Common Symptoms of Juvenile Rheumatoid Arthritis
Common signs and symptoms of JRA are as follows:
- Morning stiffness that improves with movement later in the morning
- Change in walking, running, climbing, and willingness to play
- Loss of ability to dress, feed, bathe, or toilet oneself
- Enuresis with a previously toilet-trained child
- Developmental regression
- Leg-length discrepancies
- Fever, liver/spleen enlargement, rash, gastrointestinal symptoms, and eye symptoms for the different subtypes (3)(4)
Treatment Plan for Juvenile Rheumatoid Arthritis
Unfortunately, there is no single cure for JRA. It is a very heterogeneous disease; therefore, its treatment plan often depends on its subtype and severity.
Ibuprofen can be used for symptom control for some of the very mild forms such as oligoarthritis. The more severe or more persistent form of JRA requires disease-modifying antirheumatic drugs (DMARDs) to better control the chronic illness.
Some of those older DMARDs can induce serious side effects as some of these agents have been used as immunosuppressants. For instance, cyclosporine is often used in mast cell activation syndrome in patients with systemic JRA, and methotrexate is used as a chemo agent to induce remission.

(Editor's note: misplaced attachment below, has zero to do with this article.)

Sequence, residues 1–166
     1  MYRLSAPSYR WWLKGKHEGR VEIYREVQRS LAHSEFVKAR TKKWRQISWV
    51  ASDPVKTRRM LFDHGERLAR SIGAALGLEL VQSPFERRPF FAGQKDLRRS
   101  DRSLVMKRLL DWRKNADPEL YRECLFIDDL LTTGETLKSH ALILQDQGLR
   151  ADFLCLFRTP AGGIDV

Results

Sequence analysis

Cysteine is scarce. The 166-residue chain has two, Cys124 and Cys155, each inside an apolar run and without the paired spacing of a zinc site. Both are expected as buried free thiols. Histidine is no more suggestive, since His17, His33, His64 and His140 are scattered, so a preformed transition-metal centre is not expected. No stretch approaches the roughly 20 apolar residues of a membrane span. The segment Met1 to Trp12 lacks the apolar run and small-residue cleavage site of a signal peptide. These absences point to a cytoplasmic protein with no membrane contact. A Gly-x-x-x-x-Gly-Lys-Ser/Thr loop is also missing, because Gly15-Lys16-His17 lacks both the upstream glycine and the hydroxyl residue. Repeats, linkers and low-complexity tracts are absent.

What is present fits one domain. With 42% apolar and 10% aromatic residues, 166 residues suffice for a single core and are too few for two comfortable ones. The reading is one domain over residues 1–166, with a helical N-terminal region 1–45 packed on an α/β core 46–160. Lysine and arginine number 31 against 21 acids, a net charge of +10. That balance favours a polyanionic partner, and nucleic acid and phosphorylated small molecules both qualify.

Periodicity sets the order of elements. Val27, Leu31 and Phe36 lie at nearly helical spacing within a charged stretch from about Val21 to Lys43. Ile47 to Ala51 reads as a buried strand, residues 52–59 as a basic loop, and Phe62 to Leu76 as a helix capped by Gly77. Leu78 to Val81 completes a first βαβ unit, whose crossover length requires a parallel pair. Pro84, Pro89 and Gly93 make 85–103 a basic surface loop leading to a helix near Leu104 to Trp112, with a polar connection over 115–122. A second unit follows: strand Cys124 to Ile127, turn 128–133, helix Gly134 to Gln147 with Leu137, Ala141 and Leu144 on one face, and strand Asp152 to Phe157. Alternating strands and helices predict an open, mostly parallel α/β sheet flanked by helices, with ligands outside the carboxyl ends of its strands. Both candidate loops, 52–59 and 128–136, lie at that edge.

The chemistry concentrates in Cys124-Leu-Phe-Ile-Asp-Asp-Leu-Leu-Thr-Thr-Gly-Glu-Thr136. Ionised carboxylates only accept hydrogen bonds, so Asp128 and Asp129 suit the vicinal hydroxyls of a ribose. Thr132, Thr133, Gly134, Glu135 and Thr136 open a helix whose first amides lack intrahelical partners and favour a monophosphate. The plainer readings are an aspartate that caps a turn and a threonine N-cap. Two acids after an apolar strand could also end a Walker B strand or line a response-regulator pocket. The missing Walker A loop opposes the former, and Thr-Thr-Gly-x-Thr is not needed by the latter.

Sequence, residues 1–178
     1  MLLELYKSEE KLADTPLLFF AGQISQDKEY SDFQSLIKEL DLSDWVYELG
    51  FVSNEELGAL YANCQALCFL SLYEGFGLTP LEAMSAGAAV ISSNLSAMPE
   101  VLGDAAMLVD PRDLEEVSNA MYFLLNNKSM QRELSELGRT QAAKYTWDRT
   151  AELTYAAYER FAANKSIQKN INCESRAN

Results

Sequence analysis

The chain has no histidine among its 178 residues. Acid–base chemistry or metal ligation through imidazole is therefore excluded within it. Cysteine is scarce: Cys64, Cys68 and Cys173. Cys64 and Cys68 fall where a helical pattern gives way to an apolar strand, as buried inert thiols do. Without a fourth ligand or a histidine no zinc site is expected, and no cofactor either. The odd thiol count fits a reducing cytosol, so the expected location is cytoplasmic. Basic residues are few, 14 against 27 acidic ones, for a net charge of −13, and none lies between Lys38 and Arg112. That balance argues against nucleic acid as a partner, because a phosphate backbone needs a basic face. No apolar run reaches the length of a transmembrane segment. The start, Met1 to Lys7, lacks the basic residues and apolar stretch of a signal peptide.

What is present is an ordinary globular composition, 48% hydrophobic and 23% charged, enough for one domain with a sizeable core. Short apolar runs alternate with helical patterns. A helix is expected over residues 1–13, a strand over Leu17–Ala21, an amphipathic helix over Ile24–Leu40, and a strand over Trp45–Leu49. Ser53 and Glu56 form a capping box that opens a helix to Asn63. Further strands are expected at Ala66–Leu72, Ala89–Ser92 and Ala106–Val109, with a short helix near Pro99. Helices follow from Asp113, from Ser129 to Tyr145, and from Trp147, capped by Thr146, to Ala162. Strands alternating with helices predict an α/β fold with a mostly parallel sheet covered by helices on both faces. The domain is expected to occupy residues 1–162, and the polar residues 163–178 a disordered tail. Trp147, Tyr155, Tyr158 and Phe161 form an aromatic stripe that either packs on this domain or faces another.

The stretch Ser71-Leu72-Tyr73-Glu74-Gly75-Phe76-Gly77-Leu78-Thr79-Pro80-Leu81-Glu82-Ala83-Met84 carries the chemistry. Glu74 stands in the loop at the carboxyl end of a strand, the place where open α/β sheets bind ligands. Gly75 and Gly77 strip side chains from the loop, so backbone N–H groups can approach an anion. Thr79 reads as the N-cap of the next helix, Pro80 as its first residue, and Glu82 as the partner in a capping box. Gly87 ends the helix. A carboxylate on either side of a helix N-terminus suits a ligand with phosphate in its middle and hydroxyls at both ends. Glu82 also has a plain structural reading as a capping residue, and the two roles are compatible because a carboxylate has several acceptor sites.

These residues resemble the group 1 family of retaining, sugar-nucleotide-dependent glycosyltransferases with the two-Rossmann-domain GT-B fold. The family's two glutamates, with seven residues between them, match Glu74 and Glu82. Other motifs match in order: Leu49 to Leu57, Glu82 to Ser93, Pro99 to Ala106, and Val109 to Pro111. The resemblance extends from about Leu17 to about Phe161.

The newer DMARDs are known as a group of monoclonal antibodies, and their generic names commonly end with -mab. They tend to have less toxic side effects than the older generation.
Many of the new monoclonal antibodies are the preferred choice of treatment for pediatric rheumatologists and by treatment guidelines, but only a handful of them have full FDA approval for usage in pediatric patients.
The goal of therapy for all DMARDs is the same, which is to prevent flare-ups and reduce the need for systemic steroid usage in patients. (5)
Diagnosing Juvenile Rheumatoid Arthritis
To diagnose JRA, the doctor will generally follow these steps:
- Obtain a thorough and detailed history of a patient’s recent clinical course.
- Check the child’s detailed family history with a strong emphasis on rheumatological illness.
- Perform a detailed head-to-toe physical examination with extra attention to skin lesions and other signs and symptoms of systemic illness.
- Order laboratory studies with complete blood count, inflammatory markers, and rheumatological markers to further solidify the diagnosis.
Lifestyle Changes and Home Remedies for Juvenile Rheumatoid Arthritis
Alternative treatments for JRA are largely not proven currently. There are no reputable peer-reviewed papers that suggest the disease process can be improved with any alternative therapy or home remedy.
However, complementary therapy, which involves eating better and living healthier, may improve the patient’s immune system. In addition, daily exercise habits and mindfulness can help reduce anxiety and possibly help the child to manage the pain with fewer medications.